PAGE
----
Alternative: These can be performed on the ground, with your weight supported on your shoulders/upper back and one leg. The other leg should be raised. Raise and lower your hips using one leg. Do either 3 sets of 12 reps or 25 reps straight on each leg.
Single Leg Squats, Rear Leg Extended
This is a broadly useful exercise as most squats are, targeting the gluteus maximus, quadriceps, and hamstrings. Stand a short distance in front of a couch on your left leg, with the right leg extended behind you and the top of your right foot resting on the couch. Lower your body slowly until your left knee is at a 90 degree angle, then rise back up. Repeat this five times on each leg and do three to five sets.
Alternative: Pistol squats (with your non-active leg extended in front) offer additional challenge by requiring good balance during the squats.
Single Leg Deadlift to Standing High Knee
This exercise targets the glutes, hamstrings, and hip flexors (iliopsoas). Assume the single-leg deadlift position with your trunk bent forward and right leg extended behind, so that your body forms a tee. After holding for a few seconds and feeling the stretch in the hamstring, raise your trunk while swinging your rit leg down and through, keeping it going to bring your right knee smoothly towards your chest. Hold with your knee above 90 degrees for 8-10 seconds, then return slowly to the deadlift position. Repeat five times for each leg, and do three to five sets.
This exercise develops strength in the hamstrings. Lay on your back with your legs up on a stability ball, with the calves contacting the ball. Bend your knees and raise your back simultaneously, bringing your feet to the ball. Continue raising until your knees are at a 90 degree angle. Hold for a second, then return slowly to the starting position. Repeat 15 times and do three sets.
Alternative: If these become too easy, then you can move to a single leg version.
Performing this routine two or three times per week, maybe after a shorter anticipation run, can help simultaneously improve your running form and efficiency and increase your resistance to injury. To get a good hour-long workout in, combine it with a core routine optimized for runners.
A few months ago, I participated in a chat hosted by Run Your BQ’s founders Jason Fitzgerald and Matt Frazier, with the topic being how to become a predawn runner. While I be blunt in stating that the chat was nominally a waste of time (there were maybe six attendees, though I understand that it was archived on the site for future viewing), I did have one valuable takeaway from the session. The biggest barrier to predawn running for most athletes (besides the whole “getting up early” thing) seems to be not knowing what to eat before running.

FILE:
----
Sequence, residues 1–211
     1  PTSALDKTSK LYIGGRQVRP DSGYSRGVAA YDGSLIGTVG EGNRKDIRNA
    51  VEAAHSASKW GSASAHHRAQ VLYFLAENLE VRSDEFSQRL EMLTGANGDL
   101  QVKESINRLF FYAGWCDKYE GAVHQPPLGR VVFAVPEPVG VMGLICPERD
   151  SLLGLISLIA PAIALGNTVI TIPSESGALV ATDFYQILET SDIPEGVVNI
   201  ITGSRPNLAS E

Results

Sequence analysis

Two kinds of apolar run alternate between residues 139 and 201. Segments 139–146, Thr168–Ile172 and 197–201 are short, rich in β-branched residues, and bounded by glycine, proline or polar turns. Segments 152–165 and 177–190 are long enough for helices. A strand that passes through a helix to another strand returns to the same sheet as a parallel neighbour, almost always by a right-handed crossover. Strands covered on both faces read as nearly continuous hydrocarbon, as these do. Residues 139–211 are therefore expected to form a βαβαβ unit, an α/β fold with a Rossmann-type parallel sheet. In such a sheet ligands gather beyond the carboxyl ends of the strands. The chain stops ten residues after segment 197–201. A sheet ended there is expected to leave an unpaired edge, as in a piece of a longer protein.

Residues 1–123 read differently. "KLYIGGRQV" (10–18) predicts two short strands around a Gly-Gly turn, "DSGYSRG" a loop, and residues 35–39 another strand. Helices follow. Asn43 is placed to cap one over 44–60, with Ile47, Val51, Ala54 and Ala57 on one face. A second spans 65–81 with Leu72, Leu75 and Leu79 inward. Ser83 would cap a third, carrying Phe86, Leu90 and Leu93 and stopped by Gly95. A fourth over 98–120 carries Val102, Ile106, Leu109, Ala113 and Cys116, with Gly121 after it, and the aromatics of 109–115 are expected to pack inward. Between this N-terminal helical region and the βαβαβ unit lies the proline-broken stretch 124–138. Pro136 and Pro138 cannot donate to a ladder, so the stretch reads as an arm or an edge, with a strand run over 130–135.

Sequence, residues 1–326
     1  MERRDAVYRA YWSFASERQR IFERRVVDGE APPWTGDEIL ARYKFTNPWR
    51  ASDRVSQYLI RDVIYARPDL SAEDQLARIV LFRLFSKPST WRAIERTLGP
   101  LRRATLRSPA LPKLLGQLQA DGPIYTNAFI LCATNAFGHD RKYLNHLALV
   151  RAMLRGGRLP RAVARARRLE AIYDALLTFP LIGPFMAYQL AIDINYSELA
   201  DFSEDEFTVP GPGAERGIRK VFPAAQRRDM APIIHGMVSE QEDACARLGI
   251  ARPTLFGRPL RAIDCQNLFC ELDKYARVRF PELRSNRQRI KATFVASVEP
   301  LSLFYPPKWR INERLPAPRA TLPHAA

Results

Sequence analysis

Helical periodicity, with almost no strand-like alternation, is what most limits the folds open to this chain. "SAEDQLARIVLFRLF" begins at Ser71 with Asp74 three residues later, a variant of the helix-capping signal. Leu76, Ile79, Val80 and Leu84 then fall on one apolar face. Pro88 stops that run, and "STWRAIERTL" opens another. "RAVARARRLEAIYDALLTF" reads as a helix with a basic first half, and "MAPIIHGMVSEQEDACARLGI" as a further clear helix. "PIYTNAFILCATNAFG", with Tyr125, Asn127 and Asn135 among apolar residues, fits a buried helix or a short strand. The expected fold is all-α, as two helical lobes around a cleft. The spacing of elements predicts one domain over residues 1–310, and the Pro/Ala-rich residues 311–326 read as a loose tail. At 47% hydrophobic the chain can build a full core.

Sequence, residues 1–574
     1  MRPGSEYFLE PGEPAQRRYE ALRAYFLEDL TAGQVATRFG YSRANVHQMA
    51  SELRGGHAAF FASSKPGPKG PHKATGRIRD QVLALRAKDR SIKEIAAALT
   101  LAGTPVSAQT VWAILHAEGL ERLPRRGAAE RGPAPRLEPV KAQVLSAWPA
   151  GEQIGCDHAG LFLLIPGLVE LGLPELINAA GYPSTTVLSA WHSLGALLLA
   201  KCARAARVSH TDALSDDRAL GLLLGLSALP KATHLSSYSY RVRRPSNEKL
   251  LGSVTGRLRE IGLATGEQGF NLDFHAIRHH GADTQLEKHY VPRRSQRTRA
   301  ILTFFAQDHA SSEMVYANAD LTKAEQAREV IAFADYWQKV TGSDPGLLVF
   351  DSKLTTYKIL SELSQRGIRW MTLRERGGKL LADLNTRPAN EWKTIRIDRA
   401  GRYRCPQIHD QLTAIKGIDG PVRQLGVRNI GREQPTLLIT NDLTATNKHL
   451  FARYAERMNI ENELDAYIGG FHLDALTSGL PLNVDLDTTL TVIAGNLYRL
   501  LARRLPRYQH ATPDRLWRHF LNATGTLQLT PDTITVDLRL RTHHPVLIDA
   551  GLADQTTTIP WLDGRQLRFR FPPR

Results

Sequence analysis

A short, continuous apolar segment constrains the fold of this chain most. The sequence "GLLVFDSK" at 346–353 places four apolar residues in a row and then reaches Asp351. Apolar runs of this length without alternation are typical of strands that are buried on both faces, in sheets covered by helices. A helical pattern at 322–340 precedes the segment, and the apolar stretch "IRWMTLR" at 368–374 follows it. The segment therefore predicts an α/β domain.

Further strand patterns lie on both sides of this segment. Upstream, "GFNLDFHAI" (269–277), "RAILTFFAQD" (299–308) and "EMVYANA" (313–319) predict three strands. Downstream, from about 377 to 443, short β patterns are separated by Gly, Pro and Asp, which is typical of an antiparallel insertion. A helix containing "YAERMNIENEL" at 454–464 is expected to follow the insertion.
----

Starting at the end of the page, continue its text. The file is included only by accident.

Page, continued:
This amazed me. My answer has always been pretty simple – “nothing.” Perhaps because I’ve always done it that way, not having food before I run has never been an issue for me. Not before the short recovery run, not before the tough tempo or repeat workout, and not before the 20-mile-plus long run.
As the parent of a child with autism, I support efforts to create a better life for individuals and families dealing with this challenging condition. As opposed to awareness or research organizations where it’s tough to make a significant impact as an individual, I prefer organizations that are focused on delivering practical solutions to families today, especially in the upcoming era of tightening health care dollars.
When Abbey Faris of the YAI Network inquired about advertising on Predawn Runner for the Central Park Challenge, of course I was interested. And as I learned more, I wasn’t really interested in selling ad space to such a good cause – I wanted to give them a free platform to promote this outstanding event.
It’s nearly impossible for a running blogger to avoid writing about the events in Boston this week, as any other topic seems trivial. While many have written about what it means to the running community or to the author as a runner, it’s important to discuss the broader aspects of what happened.
The natural tendency for a runner, especially one who has or aspires to run Boston, is to view the tragedy through that lens. To visualize the typical activities at a finish line and compare that to the videos we see repeated time and again. To turn to other runners for consolation and understanding or to express grief or fear. To view this as an attack at the soul of what it means to be a runner.